I plan on setting the same goal for my next big event, but doing a better job of actually tracking which Team Leads I’ve chatted with each round, as well as making sure to be physically more accessible.
In addition to the big-picture briefing email, I also emailed each TL individually to discuss their specific team. Compared to the previous email, this was a much more casual and down-to-earth, and in some cases downright frivolous (Eric “Raging” Levine got an email that ended with “<3 <3 <3").
The first half of these emails focused on issues particular to that team. For instance, SCG has some specific policies about how to handle deck checks, so I put those in the email to my Deck Checks TL.
The second half of the email listed the team members, why they were on that team, and any other relevant information I had about that judge. Some of the descriptions from the SCG Providence emails included:
- Wants to learn how he can be a better TL; I figured you would be a useful example.
- I think you two have very different leadership styles so I hope that’s fertile grounds for discussion.
- He’s leading the “not-Checks” team on Sunday. Working with you should be a good way of exposing him to the various components of that role.
- I wanted to pair him with an L3 Team Lead since he’s moving towards L2.
- Asked to work with you for his L3 rec.
I’d never seen a Head Judge list the specific reasons certain judges were put on a given team before, and the response from my Team Leads was very positive. As a rule, Head Judges put a lot of effort into crafting the schedule and team assignments. Communicating why the schedule was set in a certain way is just one small step beyond that, but it makes a big difference.
Sending these personalized emails also opened lines of discussion between me and my Team Leads, not just one-way communication, before the event even began. In my experience, it’s pretty rare for judges to respond to briefing emails, but three of my five TLs replied to this individualized email. This is a practice I definitely plan on continuing, and I encourage you to try it as well!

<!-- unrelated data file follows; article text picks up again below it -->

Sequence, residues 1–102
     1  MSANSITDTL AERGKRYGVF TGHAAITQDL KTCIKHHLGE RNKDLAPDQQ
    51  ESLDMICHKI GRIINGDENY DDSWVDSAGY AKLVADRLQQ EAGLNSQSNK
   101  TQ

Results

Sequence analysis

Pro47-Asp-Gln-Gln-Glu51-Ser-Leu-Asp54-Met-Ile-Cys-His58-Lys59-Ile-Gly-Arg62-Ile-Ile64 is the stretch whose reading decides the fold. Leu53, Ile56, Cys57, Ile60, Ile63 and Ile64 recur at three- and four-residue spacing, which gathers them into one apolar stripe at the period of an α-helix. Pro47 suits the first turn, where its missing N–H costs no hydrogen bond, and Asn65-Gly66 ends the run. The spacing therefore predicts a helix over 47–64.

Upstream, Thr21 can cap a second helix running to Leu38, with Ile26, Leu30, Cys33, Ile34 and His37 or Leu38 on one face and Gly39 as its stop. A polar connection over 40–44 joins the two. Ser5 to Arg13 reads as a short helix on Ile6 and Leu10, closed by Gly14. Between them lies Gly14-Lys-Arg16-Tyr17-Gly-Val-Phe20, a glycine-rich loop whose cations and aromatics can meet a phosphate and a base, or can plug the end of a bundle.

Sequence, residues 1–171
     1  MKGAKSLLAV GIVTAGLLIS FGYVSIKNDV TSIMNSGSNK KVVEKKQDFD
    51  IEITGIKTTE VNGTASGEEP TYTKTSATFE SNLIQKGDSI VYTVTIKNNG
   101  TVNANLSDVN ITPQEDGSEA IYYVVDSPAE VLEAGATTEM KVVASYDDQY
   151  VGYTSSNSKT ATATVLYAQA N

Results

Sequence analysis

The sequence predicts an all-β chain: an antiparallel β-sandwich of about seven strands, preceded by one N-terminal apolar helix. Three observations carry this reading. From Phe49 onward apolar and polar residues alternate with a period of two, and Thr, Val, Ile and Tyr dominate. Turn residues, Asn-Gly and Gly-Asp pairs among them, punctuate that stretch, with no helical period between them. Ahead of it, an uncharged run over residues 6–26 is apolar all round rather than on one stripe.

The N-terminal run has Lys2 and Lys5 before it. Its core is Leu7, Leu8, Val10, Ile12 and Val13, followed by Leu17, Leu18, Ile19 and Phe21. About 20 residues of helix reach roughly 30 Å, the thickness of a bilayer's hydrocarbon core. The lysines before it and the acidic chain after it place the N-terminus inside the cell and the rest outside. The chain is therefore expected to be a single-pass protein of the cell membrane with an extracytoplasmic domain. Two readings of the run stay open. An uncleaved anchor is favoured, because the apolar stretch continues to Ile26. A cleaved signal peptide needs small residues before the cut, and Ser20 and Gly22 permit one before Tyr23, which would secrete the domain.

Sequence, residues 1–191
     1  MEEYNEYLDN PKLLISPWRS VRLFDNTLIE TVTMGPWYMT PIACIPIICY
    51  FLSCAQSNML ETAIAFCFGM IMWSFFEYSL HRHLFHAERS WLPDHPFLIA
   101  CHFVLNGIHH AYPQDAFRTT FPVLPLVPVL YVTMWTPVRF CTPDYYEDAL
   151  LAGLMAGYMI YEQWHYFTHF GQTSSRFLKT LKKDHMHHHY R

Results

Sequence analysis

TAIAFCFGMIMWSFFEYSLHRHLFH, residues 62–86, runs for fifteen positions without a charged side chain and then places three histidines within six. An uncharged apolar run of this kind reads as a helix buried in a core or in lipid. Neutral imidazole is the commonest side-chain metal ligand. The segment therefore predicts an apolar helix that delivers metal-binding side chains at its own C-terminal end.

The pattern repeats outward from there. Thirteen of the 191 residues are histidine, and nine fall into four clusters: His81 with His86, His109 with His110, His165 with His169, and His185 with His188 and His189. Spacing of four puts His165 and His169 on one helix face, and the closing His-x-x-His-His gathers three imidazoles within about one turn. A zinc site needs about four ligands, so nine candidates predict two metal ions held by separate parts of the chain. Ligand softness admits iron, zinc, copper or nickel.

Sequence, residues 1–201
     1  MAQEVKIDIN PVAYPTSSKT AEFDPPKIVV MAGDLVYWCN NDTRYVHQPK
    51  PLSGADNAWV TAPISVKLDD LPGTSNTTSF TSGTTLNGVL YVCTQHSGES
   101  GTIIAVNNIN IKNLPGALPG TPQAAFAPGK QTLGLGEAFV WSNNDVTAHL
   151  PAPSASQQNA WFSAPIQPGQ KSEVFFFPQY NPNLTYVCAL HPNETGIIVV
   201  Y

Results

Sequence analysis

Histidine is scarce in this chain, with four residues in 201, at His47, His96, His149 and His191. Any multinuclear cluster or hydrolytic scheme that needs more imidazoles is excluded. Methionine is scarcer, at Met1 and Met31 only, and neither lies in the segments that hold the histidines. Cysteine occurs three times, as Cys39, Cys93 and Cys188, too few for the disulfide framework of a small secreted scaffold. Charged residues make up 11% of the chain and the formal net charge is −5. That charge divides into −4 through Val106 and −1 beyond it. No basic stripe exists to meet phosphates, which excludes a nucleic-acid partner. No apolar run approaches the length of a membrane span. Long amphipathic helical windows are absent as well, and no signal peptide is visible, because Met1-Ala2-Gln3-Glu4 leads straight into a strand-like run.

To recap things: email is an incredibly helpful method for getting in touch with your Team Leads, since you can do it before the event starts and it’s easy for your Team Leads to reference later on. These emails are a great opportunity to set expectations, communicate goals, and share insights into who’s who on their team. These days, I like sending multiple emails: one briefing email to all the TLs, with big-picture goals and expectations; and a separate, individualized email to each TL, listing any team-specific expectations and why each member of their team is actually on that team.
What are your thoughts? As Head Judge, how do you like to communicate with your Team Leads? As a Team Lead, what do you most want to hear from your Head Judge before the event begins?
Thanks for joining me this week! Next week, I’ll talk about what it’s like to actually be the Head Judge of a large staff and wear the red shirt.